The Templars were great builders. On their own estates they built and maintained fortified castles and farms, barns, outbuildings and mills as well as dormitory blocks, stables and workshops. Some Templar castles, particularly in southern Europe and the Holy Land, were built on defensive sites which posed incredible difficulties of construction. They were particularly renowned for building strategically situated castles with water gates on coasts and rivers. The classic round Templar church, founded on octagonal geometry and supposedly based on the design of the Church of the Holy Sepulchre in Jerusalem, became such a distinctive feature of Templar construction that it became almost diagnostic of their activity or involvement. This type of building formed only a small part of their church construction programme, albeit of very special and cabalistic significance. The vast majority of Templar churches, especially those in the southern regions of Europe, are small, undecorated, rectangular structures often with apsidal ends.
According to many scholars, including the ecclesiastical historian Fred Gettings, the Templars were openly involved in the financing and construction of the Gothic cathedrals. The sudden flowering of the Gothic style of architecture, which enabled cathedrals to be built of far greater height with more windows, brought about a new era in church design and art that allowed larger naves and greater spaces, uncluttered by pillars, to be created within church buildings. It is no coincidence that this architectural form, which cannot be explained as an evolutionary development from the Romanesque style that preceded it, arose after the knights returned from their excavations in Jerusalem.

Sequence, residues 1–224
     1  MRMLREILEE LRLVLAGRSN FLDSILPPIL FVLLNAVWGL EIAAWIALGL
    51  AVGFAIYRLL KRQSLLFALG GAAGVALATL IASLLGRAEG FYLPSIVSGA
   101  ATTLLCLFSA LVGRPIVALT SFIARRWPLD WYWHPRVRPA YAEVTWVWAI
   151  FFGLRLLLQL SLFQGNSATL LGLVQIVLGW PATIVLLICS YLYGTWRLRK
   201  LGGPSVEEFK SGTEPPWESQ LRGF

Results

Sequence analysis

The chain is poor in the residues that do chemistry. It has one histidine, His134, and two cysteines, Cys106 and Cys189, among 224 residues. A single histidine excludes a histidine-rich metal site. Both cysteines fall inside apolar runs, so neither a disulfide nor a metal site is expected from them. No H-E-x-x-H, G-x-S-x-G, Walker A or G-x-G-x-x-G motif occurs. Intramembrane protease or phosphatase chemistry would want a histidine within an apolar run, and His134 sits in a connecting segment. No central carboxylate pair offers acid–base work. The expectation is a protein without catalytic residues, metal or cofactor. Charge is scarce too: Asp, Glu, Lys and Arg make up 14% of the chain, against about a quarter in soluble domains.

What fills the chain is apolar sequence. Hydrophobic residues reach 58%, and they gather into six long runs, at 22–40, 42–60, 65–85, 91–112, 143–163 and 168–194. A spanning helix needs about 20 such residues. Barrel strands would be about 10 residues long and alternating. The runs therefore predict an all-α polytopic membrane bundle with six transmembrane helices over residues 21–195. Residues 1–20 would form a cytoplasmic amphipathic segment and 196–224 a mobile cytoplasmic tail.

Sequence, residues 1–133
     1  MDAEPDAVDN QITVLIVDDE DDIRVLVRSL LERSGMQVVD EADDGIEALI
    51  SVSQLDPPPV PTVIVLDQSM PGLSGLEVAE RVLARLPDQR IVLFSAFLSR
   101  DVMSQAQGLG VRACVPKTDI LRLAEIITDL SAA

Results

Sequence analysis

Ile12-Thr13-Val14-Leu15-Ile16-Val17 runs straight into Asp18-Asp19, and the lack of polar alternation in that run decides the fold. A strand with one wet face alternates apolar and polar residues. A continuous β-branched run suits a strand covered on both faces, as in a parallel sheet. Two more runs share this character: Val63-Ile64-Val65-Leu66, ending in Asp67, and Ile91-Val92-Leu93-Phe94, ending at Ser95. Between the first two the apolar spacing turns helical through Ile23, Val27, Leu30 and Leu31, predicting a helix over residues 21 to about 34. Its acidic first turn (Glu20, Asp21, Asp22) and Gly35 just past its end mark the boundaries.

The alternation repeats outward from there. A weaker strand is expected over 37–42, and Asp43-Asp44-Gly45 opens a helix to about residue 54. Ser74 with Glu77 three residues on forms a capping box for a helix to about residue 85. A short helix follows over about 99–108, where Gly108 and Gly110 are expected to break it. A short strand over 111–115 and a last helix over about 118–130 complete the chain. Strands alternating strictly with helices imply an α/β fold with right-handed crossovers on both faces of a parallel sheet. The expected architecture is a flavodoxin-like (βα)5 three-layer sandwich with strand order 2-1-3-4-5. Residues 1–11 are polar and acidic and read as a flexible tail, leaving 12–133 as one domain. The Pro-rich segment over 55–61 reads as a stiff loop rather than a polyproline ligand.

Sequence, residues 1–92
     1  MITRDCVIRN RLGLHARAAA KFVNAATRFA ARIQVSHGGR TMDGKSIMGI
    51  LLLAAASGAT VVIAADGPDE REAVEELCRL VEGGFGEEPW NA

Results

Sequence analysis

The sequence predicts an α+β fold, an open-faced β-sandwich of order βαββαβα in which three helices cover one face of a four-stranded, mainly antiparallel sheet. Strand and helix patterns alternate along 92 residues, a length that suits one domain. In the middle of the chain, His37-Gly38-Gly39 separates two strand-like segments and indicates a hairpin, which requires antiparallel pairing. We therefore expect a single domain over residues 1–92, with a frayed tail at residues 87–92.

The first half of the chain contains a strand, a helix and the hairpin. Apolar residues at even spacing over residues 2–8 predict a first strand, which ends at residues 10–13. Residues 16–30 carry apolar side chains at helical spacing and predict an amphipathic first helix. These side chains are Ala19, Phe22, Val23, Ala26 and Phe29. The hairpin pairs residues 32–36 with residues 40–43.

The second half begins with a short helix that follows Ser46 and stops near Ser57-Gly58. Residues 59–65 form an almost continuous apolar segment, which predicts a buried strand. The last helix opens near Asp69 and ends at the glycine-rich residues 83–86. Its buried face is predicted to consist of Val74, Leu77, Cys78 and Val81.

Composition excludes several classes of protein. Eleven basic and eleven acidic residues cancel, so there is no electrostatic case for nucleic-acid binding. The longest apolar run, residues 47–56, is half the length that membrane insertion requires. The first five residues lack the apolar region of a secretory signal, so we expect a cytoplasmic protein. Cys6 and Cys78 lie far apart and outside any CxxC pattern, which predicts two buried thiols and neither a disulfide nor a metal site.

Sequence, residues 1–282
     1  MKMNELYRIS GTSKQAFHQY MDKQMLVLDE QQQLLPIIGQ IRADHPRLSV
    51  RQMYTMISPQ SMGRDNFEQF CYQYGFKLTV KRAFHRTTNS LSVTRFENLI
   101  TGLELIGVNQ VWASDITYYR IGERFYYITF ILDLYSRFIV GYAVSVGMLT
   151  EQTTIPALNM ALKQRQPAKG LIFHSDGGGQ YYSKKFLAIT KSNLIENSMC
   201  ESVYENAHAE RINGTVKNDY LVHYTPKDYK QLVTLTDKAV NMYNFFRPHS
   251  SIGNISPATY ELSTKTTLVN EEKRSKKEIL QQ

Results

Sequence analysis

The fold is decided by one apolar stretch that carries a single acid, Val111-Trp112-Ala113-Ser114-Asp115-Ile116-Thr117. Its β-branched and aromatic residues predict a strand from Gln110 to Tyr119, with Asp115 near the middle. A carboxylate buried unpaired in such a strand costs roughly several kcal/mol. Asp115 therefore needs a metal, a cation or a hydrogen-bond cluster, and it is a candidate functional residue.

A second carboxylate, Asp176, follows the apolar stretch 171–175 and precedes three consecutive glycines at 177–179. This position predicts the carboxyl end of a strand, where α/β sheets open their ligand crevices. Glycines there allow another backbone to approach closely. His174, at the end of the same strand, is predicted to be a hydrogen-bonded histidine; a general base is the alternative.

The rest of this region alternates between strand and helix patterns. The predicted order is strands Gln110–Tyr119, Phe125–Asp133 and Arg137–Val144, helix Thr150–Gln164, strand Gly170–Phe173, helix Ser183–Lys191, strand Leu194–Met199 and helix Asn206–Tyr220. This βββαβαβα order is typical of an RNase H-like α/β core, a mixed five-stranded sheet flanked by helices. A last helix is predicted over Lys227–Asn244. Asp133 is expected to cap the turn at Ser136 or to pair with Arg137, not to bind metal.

While many of the great cathedrals were heavily influenced by Templar thinking, geometry and design, one above all others is a hymn to their direct involvement and belief, the Cathedral of Chartres. Constructed with almost unbelievable speed, Chartres Cathedral is portrayed by the Church as the product of co-operative effort by the townspeople, financed by the pilgrim trade. This totally fails to explain the massive and immediate input of financial resources that must have been necessary in order to pay for the quarrying and transport of the stone and the enormous expenditure on the vast numbers of stonemasons, sculptors and other craftsmen who would have been employed to complete such a vast and complex edifice at such speed. It is highly doubtful if the proceeds of the pilgrimage to Chartres over the period of its construction would have paid for the creation and installation of the stained-glass windows, much less for the construction and decoration of the entire building. The only source of finance in Europe at that time which could have produced the resources necessary was the Order of the Knights Templar.